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Delta mutation will cool down the optimism of economic recovery

Macroeconomic forecasts of major European and global institutions have yet to reflect the spread of the Delta variant of SARS-CoV-2. Their anticipated outlook for the global and European economy is thus slightly better than indicated in their previous forecasts. Some economists are warning that everything may turn out differently, according to the summary by Ozios. 

Macroeconomic forecasts of major European and global institutions have yet to reflect the spread of the Delta variant of SARS-CoV-2. Their anticipated outlook for the global and European economy is thus slightly better than indicated in their previous forecasts. Some economists are warning that everything may turn out differently, according to the summary by Ozios. 

The latest economic forecast was presented by the European Commission on 7 July. As opposed to its spring forecast, it has slightly improved the economic outlook for the 27 EU Member States. The EU and euro area economies will grow 4.8 percent this year, which is about half a percentage point better outlook than in the May forecast. 

However, the Commission warns that a number of factors will be critical for the outlook. “They include the European Union’s ability to benefit from the improved external environment with continued adequate support from the economic policy and responses of households and firms,” writes the European Commission in its July document. 

In its April forecast, the International Monetary Fund anticipates global economic growth of 6 percent this year. Also the IMF has improved its outlook by half a percentage point compared to January. Advanced world economies are expected to improve their performance by 5.1 percent and developing economies by 6.7 percent. India will grow the most according to the IMF. Its gross domestic product is expected to increase by 12.5 percent. The Chinese economy will add 8.6 percent.

The Organisation for Economic Co-operation and Development (OECD) improved its global economic outlook for this year as well in May. Global economic growth is now expected to be 5.8 percent, which is 1.6 percentage point more than forecasted last December. 

However, all forecasts assume that vaccination of population will continue as planned and no emergencies will occur. Specifically, authors inform that their forecasts are subject to an increased degree of uncertainty relating to the progress or pace with which the coronavirus pandemic will subside. 

Experience from recent weeks indicates that global economic recovery may ultimately be slower than expected in the current forecasts. The reason is the spread of the Delta coronavirus variant that is much more infectious than, for example, the Alpha variant (originally the British mutation) or the original version of SARS-CoV-2.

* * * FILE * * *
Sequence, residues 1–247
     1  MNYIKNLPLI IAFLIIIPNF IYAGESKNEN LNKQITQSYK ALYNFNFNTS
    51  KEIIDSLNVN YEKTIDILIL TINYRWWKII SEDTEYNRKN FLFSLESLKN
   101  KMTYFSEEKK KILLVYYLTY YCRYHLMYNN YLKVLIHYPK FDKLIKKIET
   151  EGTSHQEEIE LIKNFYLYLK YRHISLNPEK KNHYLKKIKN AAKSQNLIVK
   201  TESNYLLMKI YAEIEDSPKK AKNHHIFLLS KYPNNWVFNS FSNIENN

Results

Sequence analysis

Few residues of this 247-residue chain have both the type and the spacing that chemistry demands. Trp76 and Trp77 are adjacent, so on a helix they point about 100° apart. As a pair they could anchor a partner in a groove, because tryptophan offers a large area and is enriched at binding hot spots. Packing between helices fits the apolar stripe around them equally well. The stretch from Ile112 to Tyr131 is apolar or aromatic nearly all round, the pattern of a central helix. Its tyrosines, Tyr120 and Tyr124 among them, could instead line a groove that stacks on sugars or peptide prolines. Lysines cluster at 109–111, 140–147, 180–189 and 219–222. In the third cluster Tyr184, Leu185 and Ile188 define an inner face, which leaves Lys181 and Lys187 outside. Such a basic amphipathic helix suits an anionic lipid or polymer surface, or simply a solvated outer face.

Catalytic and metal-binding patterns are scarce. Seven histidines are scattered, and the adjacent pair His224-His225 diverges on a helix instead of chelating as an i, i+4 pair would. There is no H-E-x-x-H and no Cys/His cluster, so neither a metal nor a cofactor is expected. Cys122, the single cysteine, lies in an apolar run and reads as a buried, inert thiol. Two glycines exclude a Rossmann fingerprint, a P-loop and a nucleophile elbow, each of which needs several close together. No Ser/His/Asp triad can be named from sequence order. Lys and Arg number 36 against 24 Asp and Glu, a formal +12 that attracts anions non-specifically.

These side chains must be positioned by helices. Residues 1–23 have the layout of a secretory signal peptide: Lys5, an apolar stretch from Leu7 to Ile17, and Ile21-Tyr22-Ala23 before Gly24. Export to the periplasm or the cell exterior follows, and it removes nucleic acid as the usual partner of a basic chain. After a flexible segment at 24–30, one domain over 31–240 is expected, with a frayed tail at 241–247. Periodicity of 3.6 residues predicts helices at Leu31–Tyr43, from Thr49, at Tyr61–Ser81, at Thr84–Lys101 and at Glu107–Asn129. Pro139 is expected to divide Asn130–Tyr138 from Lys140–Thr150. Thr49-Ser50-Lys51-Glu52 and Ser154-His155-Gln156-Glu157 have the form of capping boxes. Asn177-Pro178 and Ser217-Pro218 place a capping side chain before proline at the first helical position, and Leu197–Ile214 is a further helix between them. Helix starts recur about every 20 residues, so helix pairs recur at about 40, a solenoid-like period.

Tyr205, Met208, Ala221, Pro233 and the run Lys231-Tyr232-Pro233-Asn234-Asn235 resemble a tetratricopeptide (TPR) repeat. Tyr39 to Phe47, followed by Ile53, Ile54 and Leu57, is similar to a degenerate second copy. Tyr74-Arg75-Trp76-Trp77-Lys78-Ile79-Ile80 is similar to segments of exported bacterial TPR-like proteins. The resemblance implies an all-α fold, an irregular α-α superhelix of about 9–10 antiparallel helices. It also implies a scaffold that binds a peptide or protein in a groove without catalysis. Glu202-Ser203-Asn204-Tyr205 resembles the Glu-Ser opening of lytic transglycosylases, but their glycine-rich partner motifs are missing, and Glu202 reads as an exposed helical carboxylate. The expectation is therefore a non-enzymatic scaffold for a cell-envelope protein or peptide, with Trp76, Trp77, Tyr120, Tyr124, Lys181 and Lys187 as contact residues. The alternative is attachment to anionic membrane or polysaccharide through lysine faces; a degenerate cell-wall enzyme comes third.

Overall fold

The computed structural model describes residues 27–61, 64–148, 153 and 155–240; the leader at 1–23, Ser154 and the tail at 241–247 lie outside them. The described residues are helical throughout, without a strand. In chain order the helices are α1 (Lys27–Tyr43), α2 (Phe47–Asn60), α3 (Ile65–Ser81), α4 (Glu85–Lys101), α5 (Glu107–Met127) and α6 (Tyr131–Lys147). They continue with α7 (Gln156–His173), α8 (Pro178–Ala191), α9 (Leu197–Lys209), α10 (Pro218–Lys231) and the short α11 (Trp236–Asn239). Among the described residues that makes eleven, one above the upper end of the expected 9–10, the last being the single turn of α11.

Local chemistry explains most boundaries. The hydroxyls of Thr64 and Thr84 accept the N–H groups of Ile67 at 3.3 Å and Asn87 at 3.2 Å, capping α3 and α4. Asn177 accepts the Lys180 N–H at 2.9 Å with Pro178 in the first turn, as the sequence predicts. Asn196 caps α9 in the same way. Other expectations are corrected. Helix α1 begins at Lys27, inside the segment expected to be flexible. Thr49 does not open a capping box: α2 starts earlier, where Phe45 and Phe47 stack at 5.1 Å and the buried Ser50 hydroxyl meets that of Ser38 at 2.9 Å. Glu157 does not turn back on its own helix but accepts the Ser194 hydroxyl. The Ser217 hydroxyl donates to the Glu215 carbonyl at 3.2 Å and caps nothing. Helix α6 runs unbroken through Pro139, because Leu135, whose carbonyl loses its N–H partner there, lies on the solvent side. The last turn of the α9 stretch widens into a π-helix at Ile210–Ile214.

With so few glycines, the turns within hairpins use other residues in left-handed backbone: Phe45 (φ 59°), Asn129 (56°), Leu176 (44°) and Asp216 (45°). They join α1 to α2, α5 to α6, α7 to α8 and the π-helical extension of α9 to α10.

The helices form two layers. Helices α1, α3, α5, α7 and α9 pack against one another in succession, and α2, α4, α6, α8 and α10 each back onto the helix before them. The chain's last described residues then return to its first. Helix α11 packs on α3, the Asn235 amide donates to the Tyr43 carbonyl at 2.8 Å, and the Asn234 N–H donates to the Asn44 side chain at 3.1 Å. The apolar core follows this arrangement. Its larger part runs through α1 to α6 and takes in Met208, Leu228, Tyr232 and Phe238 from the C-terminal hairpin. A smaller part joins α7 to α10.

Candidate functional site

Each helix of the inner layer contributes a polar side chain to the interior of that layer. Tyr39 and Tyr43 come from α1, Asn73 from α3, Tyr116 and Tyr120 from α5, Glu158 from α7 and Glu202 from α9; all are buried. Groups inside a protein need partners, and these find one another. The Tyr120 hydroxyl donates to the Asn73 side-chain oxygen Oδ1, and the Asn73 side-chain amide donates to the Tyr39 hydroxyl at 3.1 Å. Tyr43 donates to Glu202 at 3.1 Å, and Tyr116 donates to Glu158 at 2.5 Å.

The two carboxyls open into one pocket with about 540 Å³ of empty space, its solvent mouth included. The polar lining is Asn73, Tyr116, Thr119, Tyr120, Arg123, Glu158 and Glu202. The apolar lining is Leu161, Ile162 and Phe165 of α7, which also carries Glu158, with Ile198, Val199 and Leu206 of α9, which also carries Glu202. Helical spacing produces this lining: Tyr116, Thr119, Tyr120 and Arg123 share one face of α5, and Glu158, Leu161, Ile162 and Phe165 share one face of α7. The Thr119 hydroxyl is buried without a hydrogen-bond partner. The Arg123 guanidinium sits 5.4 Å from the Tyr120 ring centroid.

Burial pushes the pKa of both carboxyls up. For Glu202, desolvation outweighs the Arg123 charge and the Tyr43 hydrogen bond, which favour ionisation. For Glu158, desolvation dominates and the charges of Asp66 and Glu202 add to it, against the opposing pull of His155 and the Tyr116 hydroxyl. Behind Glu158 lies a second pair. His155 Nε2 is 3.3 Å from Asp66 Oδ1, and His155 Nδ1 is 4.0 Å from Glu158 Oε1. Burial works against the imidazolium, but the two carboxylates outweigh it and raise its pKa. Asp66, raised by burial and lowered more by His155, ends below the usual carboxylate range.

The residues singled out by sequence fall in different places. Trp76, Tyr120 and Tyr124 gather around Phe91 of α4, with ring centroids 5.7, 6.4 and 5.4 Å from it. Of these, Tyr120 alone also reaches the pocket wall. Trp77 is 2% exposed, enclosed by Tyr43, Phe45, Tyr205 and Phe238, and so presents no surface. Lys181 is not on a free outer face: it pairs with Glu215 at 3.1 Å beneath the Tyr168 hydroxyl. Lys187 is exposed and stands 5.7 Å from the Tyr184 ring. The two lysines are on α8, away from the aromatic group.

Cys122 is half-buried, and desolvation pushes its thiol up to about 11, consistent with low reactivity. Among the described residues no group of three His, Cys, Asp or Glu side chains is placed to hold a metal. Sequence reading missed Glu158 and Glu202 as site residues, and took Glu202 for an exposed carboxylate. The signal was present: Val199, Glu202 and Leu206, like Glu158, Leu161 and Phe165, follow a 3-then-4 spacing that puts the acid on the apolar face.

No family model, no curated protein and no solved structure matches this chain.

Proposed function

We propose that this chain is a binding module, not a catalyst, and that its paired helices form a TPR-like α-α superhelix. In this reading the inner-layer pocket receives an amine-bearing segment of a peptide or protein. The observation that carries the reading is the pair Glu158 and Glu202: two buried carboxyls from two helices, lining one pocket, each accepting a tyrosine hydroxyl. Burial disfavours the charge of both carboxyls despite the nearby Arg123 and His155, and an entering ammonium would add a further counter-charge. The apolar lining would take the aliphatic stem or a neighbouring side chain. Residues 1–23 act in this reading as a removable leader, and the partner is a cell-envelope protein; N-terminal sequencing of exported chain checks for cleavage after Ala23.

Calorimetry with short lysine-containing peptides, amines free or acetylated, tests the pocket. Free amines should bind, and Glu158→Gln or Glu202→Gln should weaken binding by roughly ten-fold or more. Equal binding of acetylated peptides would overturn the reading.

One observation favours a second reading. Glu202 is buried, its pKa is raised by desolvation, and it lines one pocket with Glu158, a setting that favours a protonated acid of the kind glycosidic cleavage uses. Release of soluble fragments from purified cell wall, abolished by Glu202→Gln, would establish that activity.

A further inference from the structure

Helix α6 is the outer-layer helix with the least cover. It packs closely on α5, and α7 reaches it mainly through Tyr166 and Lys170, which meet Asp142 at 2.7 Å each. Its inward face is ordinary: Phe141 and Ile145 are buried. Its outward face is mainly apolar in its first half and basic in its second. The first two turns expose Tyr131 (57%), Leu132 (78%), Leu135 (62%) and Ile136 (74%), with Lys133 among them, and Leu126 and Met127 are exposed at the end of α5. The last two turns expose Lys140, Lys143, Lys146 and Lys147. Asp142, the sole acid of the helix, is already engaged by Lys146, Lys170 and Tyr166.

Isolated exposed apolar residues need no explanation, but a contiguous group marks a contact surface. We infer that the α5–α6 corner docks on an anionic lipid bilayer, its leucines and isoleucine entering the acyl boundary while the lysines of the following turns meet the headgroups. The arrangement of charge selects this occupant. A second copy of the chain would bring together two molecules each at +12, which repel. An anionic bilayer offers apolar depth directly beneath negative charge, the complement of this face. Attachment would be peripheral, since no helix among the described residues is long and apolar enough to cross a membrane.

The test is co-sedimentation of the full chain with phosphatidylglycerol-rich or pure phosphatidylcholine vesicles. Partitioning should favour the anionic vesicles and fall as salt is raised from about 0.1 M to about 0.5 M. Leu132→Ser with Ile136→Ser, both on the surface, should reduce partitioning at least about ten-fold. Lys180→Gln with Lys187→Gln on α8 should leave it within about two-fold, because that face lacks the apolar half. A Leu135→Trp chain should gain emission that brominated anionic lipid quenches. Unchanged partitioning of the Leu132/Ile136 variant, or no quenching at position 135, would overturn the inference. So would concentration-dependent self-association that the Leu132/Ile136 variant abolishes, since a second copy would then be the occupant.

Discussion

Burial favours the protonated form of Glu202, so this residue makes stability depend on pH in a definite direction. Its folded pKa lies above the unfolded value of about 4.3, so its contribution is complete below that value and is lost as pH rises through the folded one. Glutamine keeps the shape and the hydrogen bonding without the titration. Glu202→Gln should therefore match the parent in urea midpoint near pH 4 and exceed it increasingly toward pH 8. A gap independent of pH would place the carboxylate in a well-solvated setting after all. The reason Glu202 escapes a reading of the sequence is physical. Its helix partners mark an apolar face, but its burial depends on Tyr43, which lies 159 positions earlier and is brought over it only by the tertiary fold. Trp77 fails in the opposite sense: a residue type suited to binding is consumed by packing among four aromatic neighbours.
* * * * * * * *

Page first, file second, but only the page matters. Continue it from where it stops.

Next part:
But the last year’s scenario when most European countries underwent the second wave of the pandemic in the autumn and drastic measures had to be adopted having impacts on economy should not reoccur. Practically, the question is whether the growth of the global economy will be several tenths of a percentage point faster or slower. 

The reason is that the vaccination rate has been growing and the vaccine seems to effectively prevent covid hospitalisations even after the first dose of vaccine (in case of two-dose vaccines). Moreover, risk groups are expected to be re-vaccinated with another dose in autumn. 

Nevertheless, some countries want to adopt certain stricter anti-epidemic measures. The Netherlands introduces new restrictions relating to restaurants, cafes, bars and live mass events within two weeks from easing. Cyprus has a similar approach. Germany and France warn their people of travelling to Spain. 

“There are reasons to be cautious as the risk of a negative impact on recovery has been growing,” said Carsten Brzeski, Head of Macro of ING Research, for the British Financial Times. “I am a bit worried that Delta might slightly derail it,” said Erik Nielsen, Chief Economist at UniCredit, for the same newspaper. In his opinion, any potential other lockdown does not have to be devastating because according to Google mobility data, people confine their activities irrespective of the anti-epidemic measures being adopted or not. The Governor of the Bank of Spain, Pablo Hernández de Gos, constantly points out that so far, economic forecasts have anticipated that the health care crisis will be “over after the summer”.

Delta mutation will cool down the optimism of economic recovery

Macroeconomic forecasts of major European and global institutions have yet to reflect the spread of the Delta variant of SARS-CoV-2. Their anticipated outlook for the global and European economy is thus slightly better than indicated in their previous forecasts. Some economists are warning that everything may turn out differently, according to the summary by Ozios. 

Delta mutation will cool down the optimism of economic recovery

Macroeconomic forecasts of major European and global institutions have yet to reflect the spread of the Delta variant of SARS-CoV-2. Their anticipated outlook for the global and European economy is thus slightly better than indicated in their previous forecasts. Some economists are warning that everything may turn out differently, according to the summary by Ozios. 

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